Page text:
Currently in the middle of a spin-off series featuring Blades in the Dark, The Adventure Zone is an RPG actual play show starring the McElroy family: made up of brothers Justin, Griffin and Travis, as well as their father Clint. First airing in 2014 with its Dungeons & Dragons 5E campaign, entitled Balance, the show has since produced several more campaigns using other tabletop roleplaying game systems such as Monster of the Week and The Quiet Year.
Ahead of their appearance at this week’s PAX Unplugged convention, we spoke with Griffin, who was dungeon master for The Adventure Zone’s first campaign, and Travis, DM for its Graduation arc, about the origins of the series and the challenge of hosting a long-running actual play campaign.
The Adventure Zone began as a joke about the four of you playing D&D as a family. But then it became this huge actual play series - how does something like that happen?
Griffin McElroy: I don't know that I would characterise the whole launch as a joke. We definitely talked about it in in passing as a goof on [the McElroy brothers’ long-running podcast] My Brother, My Brother and Me before. But when [Dungeons & Dragons] Fifth Edition came out, it was when Justin and I were still at Polygon and I had been writing about 5E a lot and really wanted to play it. I had played the previous edition as my first step into D&D. After talking to Justin and Travis and Dad, I found out that they also were interested.
2014 was when Justin's oldest daughter was born so we wanted to have a backlog of episodes to publish during his absence. When we recorded the first, I think, two episodes of Adventure Zone, we didn't have plans to make it like an actual show that we were going to keep doing. We kind of assumed there would be some interest in that. But it wasn't until we published it and heard from people that we decided to keep this thing going.
We proceeded Critical Role I think by, like, four months - so they’re idea thieves is what I'm saying.
Travis McElroy: We came to it without any Dungeons & Dragons background at all. We approached it in a layman kind of way. I think that allowed people who also had no Dungeons & Dragons background to come on board with us as we went. We've heard from a lot of people over the years that we were the introduction for them getting into Dungeons & Dragons and TRPGs. I think that it was a very easy entry point for people who had always been interested in it, but never had people to play with or never felt like they knew enough about it to try.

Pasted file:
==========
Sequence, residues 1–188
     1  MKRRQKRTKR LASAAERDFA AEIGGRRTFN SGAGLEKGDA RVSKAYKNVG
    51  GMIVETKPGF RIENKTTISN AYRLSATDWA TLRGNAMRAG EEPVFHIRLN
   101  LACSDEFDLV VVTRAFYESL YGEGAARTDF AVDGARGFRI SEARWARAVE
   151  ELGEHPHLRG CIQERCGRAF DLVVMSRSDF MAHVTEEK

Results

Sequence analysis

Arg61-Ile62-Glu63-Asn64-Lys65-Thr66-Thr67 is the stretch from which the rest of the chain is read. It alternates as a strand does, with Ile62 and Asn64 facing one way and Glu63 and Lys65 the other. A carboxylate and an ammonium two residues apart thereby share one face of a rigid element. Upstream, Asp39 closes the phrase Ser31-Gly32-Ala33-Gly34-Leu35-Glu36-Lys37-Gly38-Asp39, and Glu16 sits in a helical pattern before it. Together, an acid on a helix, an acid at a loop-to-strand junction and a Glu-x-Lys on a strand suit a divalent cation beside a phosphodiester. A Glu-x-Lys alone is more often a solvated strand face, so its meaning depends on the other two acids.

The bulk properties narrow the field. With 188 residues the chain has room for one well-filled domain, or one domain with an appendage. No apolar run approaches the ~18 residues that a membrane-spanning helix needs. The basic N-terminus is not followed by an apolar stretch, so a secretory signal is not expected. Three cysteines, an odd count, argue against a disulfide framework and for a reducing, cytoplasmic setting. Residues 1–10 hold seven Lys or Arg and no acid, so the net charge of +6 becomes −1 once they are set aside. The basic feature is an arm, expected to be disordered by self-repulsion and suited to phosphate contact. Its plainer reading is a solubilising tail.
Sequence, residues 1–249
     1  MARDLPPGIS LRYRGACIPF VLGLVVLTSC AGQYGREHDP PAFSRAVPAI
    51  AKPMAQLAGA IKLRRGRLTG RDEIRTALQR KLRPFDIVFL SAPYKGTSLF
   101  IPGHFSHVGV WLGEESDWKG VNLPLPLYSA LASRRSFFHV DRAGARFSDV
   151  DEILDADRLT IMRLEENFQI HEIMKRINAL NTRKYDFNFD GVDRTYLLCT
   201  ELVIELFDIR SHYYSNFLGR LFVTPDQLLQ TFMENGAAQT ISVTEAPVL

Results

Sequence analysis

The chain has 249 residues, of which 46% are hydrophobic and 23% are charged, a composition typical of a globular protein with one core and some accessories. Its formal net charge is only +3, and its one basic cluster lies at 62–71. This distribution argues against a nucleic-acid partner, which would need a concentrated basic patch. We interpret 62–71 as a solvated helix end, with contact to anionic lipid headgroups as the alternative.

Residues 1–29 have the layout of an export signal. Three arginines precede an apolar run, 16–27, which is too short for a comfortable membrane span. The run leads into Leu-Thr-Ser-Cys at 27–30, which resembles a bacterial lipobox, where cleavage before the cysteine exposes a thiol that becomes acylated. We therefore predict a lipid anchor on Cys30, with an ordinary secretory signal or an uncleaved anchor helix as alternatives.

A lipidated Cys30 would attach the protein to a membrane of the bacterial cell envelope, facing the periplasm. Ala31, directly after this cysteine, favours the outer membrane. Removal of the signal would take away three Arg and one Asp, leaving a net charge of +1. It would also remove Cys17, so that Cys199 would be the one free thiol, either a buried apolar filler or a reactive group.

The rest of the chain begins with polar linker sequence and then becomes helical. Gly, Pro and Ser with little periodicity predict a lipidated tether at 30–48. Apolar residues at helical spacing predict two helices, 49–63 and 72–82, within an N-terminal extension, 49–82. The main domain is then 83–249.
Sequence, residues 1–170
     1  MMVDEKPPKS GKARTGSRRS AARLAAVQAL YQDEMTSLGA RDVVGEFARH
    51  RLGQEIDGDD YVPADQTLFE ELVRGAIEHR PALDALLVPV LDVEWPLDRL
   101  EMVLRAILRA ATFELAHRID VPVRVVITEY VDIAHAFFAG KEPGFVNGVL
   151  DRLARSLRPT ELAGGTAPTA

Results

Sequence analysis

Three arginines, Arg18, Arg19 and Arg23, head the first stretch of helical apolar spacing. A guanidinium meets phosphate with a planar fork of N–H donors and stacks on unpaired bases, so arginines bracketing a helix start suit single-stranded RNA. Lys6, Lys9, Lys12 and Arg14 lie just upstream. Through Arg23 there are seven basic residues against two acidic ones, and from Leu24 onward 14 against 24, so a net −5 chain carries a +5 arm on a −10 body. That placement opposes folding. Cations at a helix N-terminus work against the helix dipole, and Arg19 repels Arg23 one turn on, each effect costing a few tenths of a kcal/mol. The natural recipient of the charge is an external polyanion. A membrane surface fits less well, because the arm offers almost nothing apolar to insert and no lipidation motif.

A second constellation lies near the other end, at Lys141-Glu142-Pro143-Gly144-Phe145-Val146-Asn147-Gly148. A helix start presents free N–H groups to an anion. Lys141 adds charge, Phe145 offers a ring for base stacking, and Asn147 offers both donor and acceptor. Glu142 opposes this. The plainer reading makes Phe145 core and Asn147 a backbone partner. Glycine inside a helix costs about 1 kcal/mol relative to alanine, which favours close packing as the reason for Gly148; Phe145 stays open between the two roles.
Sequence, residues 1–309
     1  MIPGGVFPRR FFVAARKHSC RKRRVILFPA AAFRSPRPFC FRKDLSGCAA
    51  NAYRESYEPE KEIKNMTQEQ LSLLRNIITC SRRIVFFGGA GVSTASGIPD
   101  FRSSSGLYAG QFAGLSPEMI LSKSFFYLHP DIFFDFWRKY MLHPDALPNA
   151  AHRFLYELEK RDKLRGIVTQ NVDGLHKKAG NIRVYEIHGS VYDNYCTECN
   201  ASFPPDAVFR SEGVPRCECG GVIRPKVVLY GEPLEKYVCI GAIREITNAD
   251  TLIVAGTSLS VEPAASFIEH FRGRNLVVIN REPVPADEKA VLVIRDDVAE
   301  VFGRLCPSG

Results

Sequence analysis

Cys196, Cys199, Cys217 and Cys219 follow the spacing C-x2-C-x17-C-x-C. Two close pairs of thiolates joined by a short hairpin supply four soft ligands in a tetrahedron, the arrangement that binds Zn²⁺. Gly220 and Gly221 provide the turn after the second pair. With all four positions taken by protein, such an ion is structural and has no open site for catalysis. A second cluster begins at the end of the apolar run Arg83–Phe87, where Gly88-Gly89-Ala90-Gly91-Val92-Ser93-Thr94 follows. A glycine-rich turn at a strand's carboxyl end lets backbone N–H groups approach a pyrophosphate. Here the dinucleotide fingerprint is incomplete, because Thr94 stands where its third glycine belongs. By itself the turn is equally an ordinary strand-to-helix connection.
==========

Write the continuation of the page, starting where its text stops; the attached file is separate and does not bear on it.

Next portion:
Would you say that there was an element of timing to the success of Adventure Zone? Pre-Critical Role and post-5E release?
Griffin: We proceeded Critical Role I think by, like, four months or something like that - so they’re idea thieves is what I'm saying. They would be nowhere without us! No, I mean, there was definitely a huge groundswell right around when Fifth Edition launched. 5E wasn't quite as tabletoppy as Fourth Edition was; Fifth Edition felt like it was a lot more possible to do over audio-only. Of course, there's the infinite array of other pop culture spotlights that shined on Dungeons & Dragons at the time and more recently - like Stranger Things, obviously.
Travis: Community, as well. I also think it should be noted, you know, there was a big burst of online tools as well like D&D Beyond and Roll20. Publishing podcasts and streaming D&D got easier. Similar online platforms like Twitch and YouTube became a big thing. I think it's also important to note that we had an existing audience base from My Brother, My Brother and Me and our other shows. I don't know if it would have caught with an audience so much if there weren’t people who already knew what our whole thing was.
What is it like to run and play an actual series as a family? What kind of unique challenges does that present?
Griffin: Honestly, I don't know that there is a huge difference from playing with a group of friends that you've been playing D&D with. The stuff that made Adventure Zone natural for us to fall into is the same stuff that makes My Brother, My Brother and Me natural for us to fall into. We don't have to overthink every little thing that we say and do on My Brother, My Brother and Me because we've been joking together for our whole lives. Those improvisational instincts are the same exact ones that you use whenever you're telling make-believe stories in the way that we do.
Travis: There is some trickiness with romance stuff, that's a little bit different than just playing with some friends.
Griffin: We don't do a tonne of that on The Adventure Zone. But yeah, it, it felt it was not. I think if you have a group of people that you trust so completely, then that opens a lot of doors for you to make a lot of really cool stuff with them in many, many forms.
People only have so much patience with the middle part of stories.
Have you ever experimented with safety tools?